4.2. Effect of Hydrogen-Enhanced Ordering

As with solidification shrinkage occurring during the phase transition from the disordered liquid to the ordered solid, ordering generates internal compressive stresses within the matrix of grains which are anisotropic, causing anisotropic lattice contractions, as shown in Figure 7. The generation of internal compressive stresses within grains induces tensile stresses localized in the vicinity of boundaries including grain and twin boundaries to counteract them. Due to anisotropic lattice contractions, as shown in Figure 7, the localized tensile stresses at grain boundaries are also anisotropic or change with the lattice plane of grains or grain orientation, as schematically shown in Figure 8. In other words, the magnitude of tensile stresses locally produced at grain boundaries is anisotropic, which is graphically expressed as the length of the arrows, as shown in Figure 8. When the localized tensile stresses at grain boundaries generated by ordering exceed the grain boundary strength, then IG cracking occurs [3,27,28]. If the formers are not large enough to exceed the latter, then, voids can take place at a grain boundary, for example, between grains A and B, as shown in Figure 8, leading to brittle transgranular fracture as described in Figure 1b and Figure 2b. Compelling evidence for IG cracking by ordering is provided by the observations of Kohara [29] and Kim [3] that IG cracking occurred in CuAu by an ordering reaction even without applied stresses, and furnace cooled (FC-) Ni3Fe with SRO showed IG cracking during RT deformation in air, respectively. The generation of localized tensile stresses in the vicinity of grain boundaries is corroborated by the observations of higher strains [30,31], higher dislocation density [32] or higher hardness [33] in their vicinity than in the matrix. Note that the generation of localized tensile stresses by hydrogen-enhanced ordering has never been recognized in any of the HE mechanisms proposed so far.
Hence, the role of hydrogen is not to decrease the cohesive strength of atoms as suggested by the HEDE mechanism but to promote ordering, leading to a decrease in the lattice spacing of atoms in metals, spontaneously inducing the development of tensile stresses localized in the vicinity of grain boundaries. The localized tensile stresses spontaneously generated at grain boundaries are the driving force causing IG cracking and/or brittle transgranular fracture, the significance of which has never been fully appreciated to date. Consequently, the susceptibility to HE of metals depends on the degree of ordering occurring during deformation in hydrogen: the higher the degree of hydrogen-enhanced ordering, the higher the susceptibility to HE of metals. Furthermore, the compressive stresses generated in the lattice by hydrogen-enhanced ordering are the driving force for immobile dislocations existing in the lattice to be forced to move upon exposure to hydrogen [11]. Thus, hydrogen-enhanced ordering can account for two of the mostly invoked mechanisms such as HEDE and HELP. In short, hydrogen-enhanced ordering is the cause of HE of metals.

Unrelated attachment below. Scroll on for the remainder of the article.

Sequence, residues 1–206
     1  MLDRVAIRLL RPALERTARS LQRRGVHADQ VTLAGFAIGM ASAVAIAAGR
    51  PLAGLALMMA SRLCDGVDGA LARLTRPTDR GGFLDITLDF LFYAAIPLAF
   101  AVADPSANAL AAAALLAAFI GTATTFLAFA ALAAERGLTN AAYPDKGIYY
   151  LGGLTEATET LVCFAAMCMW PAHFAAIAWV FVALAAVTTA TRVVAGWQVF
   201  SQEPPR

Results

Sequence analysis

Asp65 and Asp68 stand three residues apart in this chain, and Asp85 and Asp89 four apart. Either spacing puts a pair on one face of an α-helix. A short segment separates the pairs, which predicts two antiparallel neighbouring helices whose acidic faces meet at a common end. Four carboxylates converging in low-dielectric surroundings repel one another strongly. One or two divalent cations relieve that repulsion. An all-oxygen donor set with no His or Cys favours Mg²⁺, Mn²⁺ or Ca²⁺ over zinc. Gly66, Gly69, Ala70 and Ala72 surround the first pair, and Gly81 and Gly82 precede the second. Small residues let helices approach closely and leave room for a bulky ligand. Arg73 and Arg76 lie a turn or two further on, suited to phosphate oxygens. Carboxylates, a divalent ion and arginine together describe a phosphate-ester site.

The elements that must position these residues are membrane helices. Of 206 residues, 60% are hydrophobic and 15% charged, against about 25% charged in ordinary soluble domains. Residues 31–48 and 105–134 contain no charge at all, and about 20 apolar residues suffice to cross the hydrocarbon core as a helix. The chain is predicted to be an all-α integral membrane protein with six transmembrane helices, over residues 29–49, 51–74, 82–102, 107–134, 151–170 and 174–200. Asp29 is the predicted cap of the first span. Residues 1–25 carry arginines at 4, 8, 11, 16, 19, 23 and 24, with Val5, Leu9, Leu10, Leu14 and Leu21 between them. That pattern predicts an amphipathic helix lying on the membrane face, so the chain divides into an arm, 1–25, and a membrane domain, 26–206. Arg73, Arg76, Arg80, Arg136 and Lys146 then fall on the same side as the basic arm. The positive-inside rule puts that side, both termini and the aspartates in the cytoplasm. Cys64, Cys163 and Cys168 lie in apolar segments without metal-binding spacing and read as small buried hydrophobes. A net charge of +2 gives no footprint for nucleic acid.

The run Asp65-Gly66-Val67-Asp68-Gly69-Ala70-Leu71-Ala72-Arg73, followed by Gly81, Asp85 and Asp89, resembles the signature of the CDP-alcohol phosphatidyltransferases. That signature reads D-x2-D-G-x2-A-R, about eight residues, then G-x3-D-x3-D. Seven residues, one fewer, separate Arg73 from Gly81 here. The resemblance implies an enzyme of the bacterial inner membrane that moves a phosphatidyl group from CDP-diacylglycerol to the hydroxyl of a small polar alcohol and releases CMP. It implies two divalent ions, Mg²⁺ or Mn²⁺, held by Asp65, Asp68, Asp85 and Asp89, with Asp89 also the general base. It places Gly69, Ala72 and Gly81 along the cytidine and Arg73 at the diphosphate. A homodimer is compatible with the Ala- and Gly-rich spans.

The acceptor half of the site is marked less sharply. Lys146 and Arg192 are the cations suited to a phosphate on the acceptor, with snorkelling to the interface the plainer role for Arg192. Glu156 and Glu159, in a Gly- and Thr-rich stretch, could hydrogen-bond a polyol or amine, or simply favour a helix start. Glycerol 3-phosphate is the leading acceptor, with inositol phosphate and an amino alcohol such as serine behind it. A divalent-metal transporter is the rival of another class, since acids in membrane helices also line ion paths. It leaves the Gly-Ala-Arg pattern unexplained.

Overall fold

FC-Alloy 600 with SRO showed a higher resistance to SCC than water-quenched (WQ-) one with disorder, which is related to the degree of ordering (or short-range ordering) occurring during SCC tests [3,27,28]. Likewise, since the HE of metals is controlled also by hydrogen-enhanced ordering, it is expected that FC-metals with a higher level of order would be more resistant to HE than WQ-metals with either a lower level of order or disorder. Note that order herein represents SRO, but not long-range order (LRO). This is because, during deformation in hydrogen, those with a higher level of order due to furnace-cooling will have a lower lattice contraction due to a low degree of ordering, generating lower localized tensile stresses, which leads to higher resistance to HE. In contrast, those with disorder due to water quenching will experience a higher lattice contraction due to a high degree of ordering, generating high tensile stresses, which leads to lower resistance to HE. Compelling evidence is indeed provided by Okada’s observations [34] that FC-Fe-20Cr-22Ni showed no loss of fracture strain upon RT deformation after cathodic charging of hydrogen and a very slight decrease in fracture strain even during in-situ hydrogen charging conditions. Marquez [35] also showed that FC-Fe-10Ni-C had a higher resistance to HE than WQ-metal. Baek [36] has recently shown that a 304L SS made by laser-aided direct metal tooling (DMT) has a higher resistance to HE than a cold rolled (CR) one when deformed in 10 MPa pressurized hydrogen gas. Then, he claimed that the manufacturing process affected the sensitivity of a steel to HE but did not pinpoint which process had this effect and why. Considering that the yield stress of the DMT specimen was 1.7 times as high as that of the CR specimen, it seems that the DMT specimen underwent slow cooling during DMT, resulting in SRO formation and thus an increase in yield stress. Supportive evidence is the larger grains (several hundreds of micrometers) of the DMT specimen when compared to the small grains (29 μm) of the CR specimen, indicating that it experienced slow cooling, leading to fast grain growth. In other words, the DMT specimen had SRO to some degree whereas the CR specimen had disorder due to cold rolling. When deformed in hydrogen, it seems that hydrogen-enhanced ordering occurred little in the DMT specimen with SRO, but significantly in the CR specimen with disorder. In other words, little occurrence of hydrogen-enhanced ordering in the former with SRO led to little loss of its tensile elongation in hydrogen when compared to that in air, but its significant occurrence in the latter with disorder led to low resistance to HE. Thus, Baek’s results [36] agree with the observations of Okada [34] and Marquez [35] in that the ordered metals obtained by furnace-cooling were more resistant to HE than the disordered ones obtained by water quenching or cold working. Consequently, the HE of metals is controlled by the degree of ordering occurring during RT deformation in hydrogen or after hydrogen charging.